can anyone help me understand my fascination with zhong hua [china]? [part IIIb]

mastering mandarin, otherwise known as “enjoying the state of confusion on people’s faces as you stutter about meeting someone’s grasshopper. . .” [part B]

ni hao!

the above is a typical chinese way of saying ‘hi’.  its literal meaning is “you good?”

in contrast to the complexity of its tones, chinese grammar is fairly simple. in fact, when you translate chinese phrases literally, you can be left with a somewhat crude impression of the language. unlike english, chinese lacks forms of inflection such as conjugation or declension. this can make chinese phrases sound a little strange to an english-speaker if they are rendered literally. the following are some examples of chinese with the idiomatic form of the english alongside each phrase:

i house inside = i am inside the house
by me driven car = the car that i drove

this makes the meaning of words in oral chinese even more context-sensitive than in english. remember our pinyin word ‘ma’? even with the different tones to distinguish what version of ‘ma’ you intend, there are still a number of possible meanings. let’s pick one tone and see what our options are. . . say the third tone.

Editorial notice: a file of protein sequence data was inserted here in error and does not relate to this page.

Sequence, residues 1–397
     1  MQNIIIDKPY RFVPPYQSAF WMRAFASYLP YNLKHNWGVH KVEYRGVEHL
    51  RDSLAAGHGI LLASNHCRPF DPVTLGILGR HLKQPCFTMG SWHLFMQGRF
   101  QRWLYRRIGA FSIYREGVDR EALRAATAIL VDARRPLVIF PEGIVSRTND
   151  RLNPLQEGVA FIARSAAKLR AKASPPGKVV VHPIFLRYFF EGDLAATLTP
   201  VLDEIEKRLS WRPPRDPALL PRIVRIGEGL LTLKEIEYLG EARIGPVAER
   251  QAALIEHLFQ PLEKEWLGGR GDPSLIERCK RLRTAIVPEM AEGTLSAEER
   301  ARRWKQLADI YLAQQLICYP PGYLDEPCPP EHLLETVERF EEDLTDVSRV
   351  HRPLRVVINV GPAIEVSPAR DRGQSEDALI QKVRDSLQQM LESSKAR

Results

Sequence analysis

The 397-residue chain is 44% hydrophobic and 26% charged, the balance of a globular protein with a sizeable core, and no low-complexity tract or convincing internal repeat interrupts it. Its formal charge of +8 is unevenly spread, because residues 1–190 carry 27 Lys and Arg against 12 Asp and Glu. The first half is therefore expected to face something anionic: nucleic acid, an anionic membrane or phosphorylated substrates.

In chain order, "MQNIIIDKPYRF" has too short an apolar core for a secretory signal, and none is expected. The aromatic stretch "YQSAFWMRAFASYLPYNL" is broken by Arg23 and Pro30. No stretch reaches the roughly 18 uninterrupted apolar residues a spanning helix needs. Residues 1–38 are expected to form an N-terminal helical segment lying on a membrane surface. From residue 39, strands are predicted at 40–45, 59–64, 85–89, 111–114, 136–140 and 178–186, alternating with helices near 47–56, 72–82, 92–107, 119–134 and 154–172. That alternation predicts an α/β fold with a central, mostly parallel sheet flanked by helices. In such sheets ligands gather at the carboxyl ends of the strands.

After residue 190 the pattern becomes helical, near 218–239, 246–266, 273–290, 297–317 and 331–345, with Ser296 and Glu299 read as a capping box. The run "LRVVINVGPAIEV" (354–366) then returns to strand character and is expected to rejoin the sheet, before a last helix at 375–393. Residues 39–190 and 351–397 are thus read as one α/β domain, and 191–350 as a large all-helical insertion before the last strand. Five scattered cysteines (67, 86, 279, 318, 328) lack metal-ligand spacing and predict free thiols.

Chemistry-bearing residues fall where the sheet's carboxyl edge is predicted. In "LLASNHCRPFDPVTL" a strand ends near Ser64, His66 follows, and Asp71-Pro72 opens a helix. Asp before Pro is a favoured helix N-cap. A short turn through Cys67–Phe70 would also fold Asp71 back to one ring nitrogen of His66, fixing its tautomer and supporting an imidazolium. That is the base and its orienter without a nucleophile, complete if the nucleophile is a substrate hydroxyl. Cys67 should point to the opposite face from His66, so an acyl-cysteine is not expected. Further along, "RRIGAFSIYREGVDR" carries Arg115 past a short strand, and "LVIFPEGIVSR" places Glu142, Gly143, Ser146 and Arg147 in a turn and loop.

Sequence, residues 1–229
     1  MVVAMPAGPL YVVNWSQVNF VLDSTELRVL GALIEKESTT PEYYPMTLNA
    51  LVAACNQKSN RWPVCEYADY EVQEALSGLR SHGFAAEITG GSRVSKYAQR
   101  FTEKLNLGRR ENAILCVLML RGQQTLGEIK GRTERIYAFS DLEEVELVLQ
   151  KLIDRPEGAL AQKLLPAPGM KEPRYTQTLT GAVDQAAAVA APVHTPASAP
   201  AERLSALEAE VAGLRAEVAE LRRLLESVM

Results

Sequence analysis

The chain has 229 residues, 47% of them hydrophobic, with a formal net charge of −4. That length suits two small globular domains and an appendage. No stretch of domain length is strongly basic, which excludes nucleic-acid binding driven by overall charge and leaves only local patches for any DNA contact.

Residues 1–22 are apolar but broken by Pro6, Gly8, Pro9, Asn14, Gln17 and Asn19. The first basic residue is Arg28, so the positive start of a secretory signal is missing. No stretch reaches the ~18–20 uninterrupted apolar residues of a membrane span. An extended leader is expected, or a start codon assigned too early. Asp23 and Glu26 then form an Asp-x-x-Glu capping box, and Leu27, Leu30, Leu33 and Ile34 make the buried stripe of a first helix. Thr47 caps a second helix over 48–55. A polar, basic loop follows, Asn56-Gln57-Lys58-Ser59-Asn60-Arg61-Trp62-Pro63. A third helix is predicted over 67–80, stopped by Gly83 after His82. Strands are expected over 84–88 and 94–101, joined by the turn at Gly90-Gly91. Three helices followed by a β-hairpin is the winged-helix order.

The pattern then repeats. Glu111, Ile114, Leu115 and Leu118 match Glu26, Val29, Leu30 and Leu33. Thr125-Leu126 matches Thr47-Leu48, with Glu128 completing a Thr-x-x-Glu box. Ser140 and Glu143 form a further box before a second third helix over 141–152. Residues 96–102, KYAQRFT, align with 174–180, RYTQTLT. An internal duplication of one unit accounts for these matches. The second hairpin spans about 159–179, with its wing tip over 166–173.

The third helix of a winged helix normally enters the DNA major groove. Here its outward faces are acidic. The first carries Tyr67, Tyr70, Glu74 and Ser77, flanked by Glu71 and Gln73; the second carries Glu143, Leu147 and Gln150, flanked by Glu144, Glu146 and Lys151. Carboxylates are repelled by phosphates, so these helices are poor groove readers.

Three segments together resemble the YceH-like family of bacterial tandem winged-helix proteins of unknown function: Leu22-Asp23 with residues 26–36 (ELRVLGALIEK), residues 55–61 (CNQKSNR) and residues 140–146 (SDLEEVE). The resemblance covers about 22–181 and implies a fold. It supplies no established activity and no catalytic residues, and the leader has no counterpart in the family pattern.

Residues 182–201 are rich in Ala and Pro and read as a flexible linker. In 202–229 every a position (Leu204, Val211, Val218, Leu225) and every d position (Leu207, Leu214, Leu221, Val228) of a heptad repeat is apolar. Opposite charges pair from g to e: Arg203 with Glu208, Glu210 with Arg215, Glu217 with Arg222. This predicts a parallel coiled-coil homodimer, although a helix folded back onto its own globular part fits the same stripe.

ma’ with the third tone can mean:

  • the name of a river
  • a mammoth
  • agate [a type of stone]
  • a weight
  • a number
  • a yard
  • a pile
  • a stack
  • an ant
  • a horse


so as you can see, context plays a greater role in chinese than in english. did he feed his horse or his ant in the field? despite what seems like a great potential for confusion, chinese speakers manage just fine with their fascinating language. that is, if they are from a similar part of china. funny enough, even within mandarin, there can be so many sub-dialects, that speakers may have trouble understanding each other.  my friend joyce lives in beijing, and says that if she drives 30 minutes out of beijing she can barely understand a word people are saying. beijing is a particularly interesting example, because it has its own dialect that can make its speakers sound like asian pirates. the “rrr” sound is often added to words. it is called the ‘beijing-accent’, and is mocked by people outside beijing.

imagine driving to ajax and not being able to understand english-speakers there due to their accent. i mean, i don’t understand anyone that lives in ajax, but it isn’t because of their regional dialect. . .


~ by jcim on August 16, 2010.

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